A cohort study of dietary carotenoids and lung cancer risk in women (Canada)

Thomas E. Rohan, Meera Jain, Geoffrey R. Howe, Anthony B. Miller

Research output: Contribution to journalArticle

34 Scopus citations


Objective: To investigate the association between dietary carotenoid intake and lung cancer risk in women. Methods: A case-cohort study was undertaken in the Canadian National Breast Screening Study dietary cohort, which consists of 56,837 women who completed a self-administered dietary questionnaire. The cohort was recruited between 1980 and 1985, and during follow-up to the end of 1993 a total of 196 cohort members were diagnosed with incident lung cancer. For analysis, a subcohort consisting of a random sample of 5681 women was selected from the full dietary cohort. After exclusions for various reasons, the analyses were based on 155 cases and 5361 non-cases. Results: When compared to those in the lowest quartile level of intake, the adjusted incidence rate ratios (95% confidence intervals) for those in the highest quartile levels of α-carotene, β-carotene, β-cryptoxanthin, lycopene, and lutein intake were 0.90 (0.51-1.58), 1.40 (0.76-2.59), 0.66 (0.33-1.32), 1.04 (0.61-1.76), and 1.26 (0.70-2.24), respectively; none of the associated tests for trend was statistically significant. Conclusion: These results suggest that there is no association between dietary carotenoid intake and lung cancer risk, at least for the range of intakes observed here.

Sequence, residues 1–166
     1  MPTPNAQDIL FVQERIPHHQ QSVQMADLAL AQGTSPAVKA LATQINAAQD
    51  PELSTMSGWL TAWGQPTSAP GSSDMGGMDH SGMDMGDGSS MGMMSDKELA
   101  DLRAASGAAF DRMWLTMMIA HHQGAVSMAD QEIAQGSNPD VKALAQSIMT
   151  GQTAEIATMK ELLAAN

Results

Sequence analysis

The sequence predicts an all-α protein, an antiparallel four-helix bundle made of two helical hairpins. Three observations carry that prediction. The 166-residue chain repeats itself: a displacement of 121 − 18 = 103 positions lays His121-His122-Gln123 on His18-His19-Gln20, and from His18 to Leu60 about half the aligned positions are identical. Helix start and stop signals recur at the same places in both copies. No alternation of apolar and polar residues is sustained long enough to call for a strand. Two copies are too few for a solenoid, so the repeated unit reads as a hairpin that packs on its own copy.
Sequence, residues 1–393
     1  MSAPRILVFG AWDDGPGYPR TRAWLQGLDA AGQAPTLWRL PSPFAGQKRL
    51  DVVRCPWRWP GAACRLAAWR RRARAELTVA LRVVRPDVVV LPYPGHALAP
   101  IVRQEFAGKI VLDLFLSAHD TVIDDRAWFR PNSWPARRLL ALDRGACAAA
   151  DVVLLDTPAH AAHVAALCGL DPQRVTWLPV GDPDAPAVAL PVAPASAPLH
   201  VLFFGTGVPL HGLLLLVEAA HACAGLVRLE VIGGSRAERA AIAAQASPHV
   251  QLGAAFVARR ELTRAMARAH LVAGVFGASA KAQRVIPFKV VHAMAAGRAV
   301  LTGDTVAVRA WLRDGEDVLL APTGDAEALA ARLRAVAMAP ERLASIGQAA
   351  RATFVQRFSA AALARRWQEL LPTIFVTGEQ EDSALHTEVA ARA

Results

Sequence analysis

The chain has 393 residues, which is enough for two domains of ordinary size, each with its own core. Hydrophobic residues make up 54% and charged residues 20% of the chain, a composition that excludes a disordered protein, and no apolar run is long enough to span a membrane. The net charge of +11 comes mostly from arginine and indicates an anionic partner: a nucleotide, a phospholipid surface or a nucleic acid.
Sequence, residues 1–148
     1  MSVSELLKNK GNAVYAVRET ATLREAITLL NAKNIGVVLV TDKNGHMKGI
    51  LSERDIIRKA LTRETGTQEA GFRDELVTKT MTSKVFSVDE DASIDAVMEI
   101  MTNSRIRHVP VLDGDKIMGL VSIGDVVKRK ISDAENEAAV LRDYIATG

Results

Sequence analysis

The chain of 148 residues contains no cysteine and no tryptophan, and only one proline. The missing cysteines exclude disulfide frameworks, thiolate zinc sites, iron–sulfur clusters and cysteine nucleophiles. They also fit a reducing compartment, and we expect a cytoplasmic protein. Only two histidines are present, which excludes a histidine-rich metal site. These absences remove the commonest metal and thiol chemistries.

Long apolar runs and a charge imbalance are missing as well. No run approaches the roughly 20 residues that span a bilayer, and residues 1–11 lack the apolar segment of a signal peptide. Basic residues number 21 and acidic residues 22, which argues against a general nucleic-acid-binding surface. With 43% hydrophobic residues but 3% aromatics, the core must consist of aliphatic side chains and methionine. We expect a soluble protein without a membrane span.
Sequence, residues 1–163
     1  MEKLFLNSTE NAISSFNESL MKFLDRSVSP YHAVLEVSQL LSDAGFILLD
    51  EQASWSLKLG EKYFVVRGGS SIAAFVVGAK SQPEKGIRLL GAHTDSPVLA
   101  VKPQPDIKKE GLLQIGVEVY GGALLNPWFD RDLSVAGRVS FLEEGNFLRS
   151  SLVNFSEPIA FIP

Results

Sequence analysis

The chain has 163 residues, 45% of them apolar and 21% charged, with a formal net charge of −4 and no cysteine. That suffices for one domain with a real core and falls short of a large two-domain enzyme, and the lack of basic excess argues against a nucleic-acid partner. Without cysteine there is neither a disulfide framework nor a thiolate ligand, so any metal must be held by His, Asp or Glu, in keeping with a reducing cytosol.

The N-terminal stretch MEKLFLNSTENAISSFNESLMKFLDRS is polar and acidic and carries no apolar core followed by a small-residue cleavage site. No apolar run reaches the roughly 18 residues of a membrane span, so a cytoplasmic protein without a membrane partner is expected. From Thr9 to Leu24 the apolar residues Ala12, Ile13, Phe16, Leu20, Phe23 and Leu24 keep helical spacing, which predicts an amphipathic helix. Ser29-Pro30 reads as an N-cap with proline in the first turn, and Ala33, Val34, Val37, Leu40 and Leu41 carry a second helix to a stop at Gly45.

Original languageEnglish (US)
Pages (from-to)231-237
Number of pages7
JournalCancer Causes and Control
Issue number3
Publication statusPublished - May 6 2002



  • Carotenoids
  • Diet
  • Lung cancer

ASJC Scopus subject areas

  • Oncology
  • Cancer Research

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